Part 6 of my search for The 10 Most Exciting Records...Ever! covers Motown and R&B/Soul songs released from the mid 60s through the mid 70s.
15. “When the Lovelight Starts Shining Through His Eyes” – Supremes (December 1963)
I liked the Primettes. I liked the early Supremes. After they started calling themselves Diana Ross & the Supremes and pandering to middle class white audiences, I started tuning out. "Lovelight," one of the Supremes' early career Motown singles, is also one of their best.
14. “A Lady’s Man” – Volcanos (November 1966)
Arctic Records, one of the major players on the 1960s Philadelphia music scene, was owned by Jimmy Bishop, program director of WDAS radio. Records on the Arctic imprint were distributed by Jamie/Guyden. J/G used its Jamie label to release doo-wop, pop and folk rock singles including "The Pied Piper" by Crispian St. Peters and the big Dell favorite "Let's Get Lost on a Country Road" by the Kit Kats. Jamie/Guyden also established the Phil-LA of Soul label to release 45s in the r&b and soul categories.
The Volcanos, recording on Arctic, had a regional hit with "Storm Warning," but the group knocked me out with a subsequent release entitled "A Lady's Man," a song I first came to know by watching Jerry Blavat’s Discophonic Scene. I vividly recall that awesome sight as Jerry’s sensational dancers formed a big boss line and got busy to this badass soul stormer. "A Lady’s Man" exemplifies the bolder, funkier style of r&b that was emerging in the mid 60s and gaining widespread favor over traditional sweet soul.
The Volcanos successfully reinvented themselves in the 70s and became the Trammps, one of the most popular acts of the disco era. "Disco Inferno" became the group’s signature song and biggest hit, but I preferred their earlier disco-era recordings, "Zing Went The Strings Of My Heart," "Pray All You Sinners" and "Hold Back The Night."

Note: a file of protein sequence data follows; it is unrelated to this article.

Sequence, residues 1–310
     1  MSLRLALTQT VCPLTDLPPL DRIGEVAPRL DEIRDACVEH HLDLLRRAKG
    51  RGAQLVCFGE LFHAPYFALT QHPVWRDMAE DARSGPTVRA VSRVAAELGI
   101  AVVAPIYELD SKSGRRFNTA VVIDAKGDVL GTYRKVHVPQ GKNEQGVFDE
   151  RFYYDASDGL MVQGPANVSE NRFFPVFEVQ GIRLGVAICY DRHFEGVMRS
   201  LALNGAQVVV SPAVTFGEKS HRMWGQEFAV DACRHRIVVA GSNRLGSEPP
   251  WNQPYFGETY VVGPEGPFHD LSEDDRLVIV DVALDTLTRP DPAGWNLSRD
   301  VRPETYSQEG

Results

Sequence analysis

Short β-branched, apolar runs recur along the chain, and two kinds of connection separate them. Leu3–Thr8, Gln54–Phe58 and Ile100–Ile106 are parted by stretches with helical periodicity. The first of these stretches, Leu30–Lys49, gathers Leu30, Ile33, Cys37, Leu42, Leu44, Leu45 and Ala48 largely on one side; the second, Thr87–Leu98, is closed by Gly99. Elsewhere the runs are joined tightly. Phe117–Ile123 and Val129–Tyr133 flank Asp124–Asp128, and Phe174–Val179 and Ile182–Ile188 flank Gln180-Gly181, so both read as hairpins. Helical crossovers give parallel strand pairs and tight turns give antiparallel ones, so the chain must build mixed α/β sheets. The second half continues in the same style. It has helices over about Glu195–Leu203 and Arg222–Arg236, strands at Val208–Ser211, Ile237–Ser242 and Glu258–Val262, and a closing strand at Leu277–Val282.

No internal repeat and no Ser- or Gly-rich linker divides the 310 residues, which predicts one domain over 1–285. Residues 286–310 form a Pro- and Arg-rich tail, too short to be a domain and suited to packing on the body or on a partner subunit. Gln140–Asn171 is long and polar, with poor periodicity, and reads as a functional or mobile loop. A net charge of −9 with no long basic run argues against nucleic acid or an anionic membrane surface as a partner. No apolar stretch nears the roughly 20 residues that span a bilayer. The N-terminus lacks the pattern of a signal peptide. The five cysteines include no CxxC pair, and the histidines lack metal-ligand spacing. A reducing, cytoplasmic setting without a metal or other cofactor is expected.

13. “Stubborn Kind of Fellow” – Marvin Gaye (October 1962)
Early on, Marvin Gaye grew restless. A consistent hitmaker for Motown, Marvin became increasingly discontent with the direction his career was headed. Following his heart, Marvin abandoned love songs and recorded serious music that addressed social issues. Then came another turn in the road with "Sexual Healing," followed by gunfire and his untimely death. Let's rewind to happier times and listen to Marvin's first hit song and my Pick to Click as his most exciting, "Stubborn Kind of Fellow."
12. "Up the Ladder to the Roof" - Supremes (March 1970)
When "Up the Ladder to the Roof" started playing on the radio in March of 1970, I knew that it was time for me to Meet the Supremes all over again. The new and improved Supremes lineup featured Jean Terrell in place of Diana Ross who had left the group to pursue a solo recording career and make movies. Three of the songs released by Jean and the Supremes are among my all time favorites including the buoyant "Up the Ladder," a song that got the 70s decade started on an optimistic note.
11. “Nathan Jones” – Supremes (May 1971)
When oldies stations play ad nauseam the same handful of million sellers by the Diana Ross-led Supremes, I cringe and my soul cries "Stop! in the name of heaven!" Not so with songs like "Nathan Jones," released in the spring of 1971 by the new Supremes. With psychedelic overtones, an irresistible beat and soulful, street wise, girl group harmony, "Nathan Jones" has a fresh sound that I never get tired of hearing. The new Supremes group also put some much needed fun and pizzazz back into Motown music. For two years, Motown had hammered away at social themes with songs like "Love Child," "I'm Livin' in Shame," "Run Away Child, Runnin' Wild," "Don't Let the Joneses Get You Down," "Ball of Confusion," "War," and "Stop the War Now." Overdosed on bleak message music I eagerly embraced the bright new sound of the Supremes.
Don't touch that dial! My countdown of the most exciting soul sounds continues in my next post.
Have a Shady day!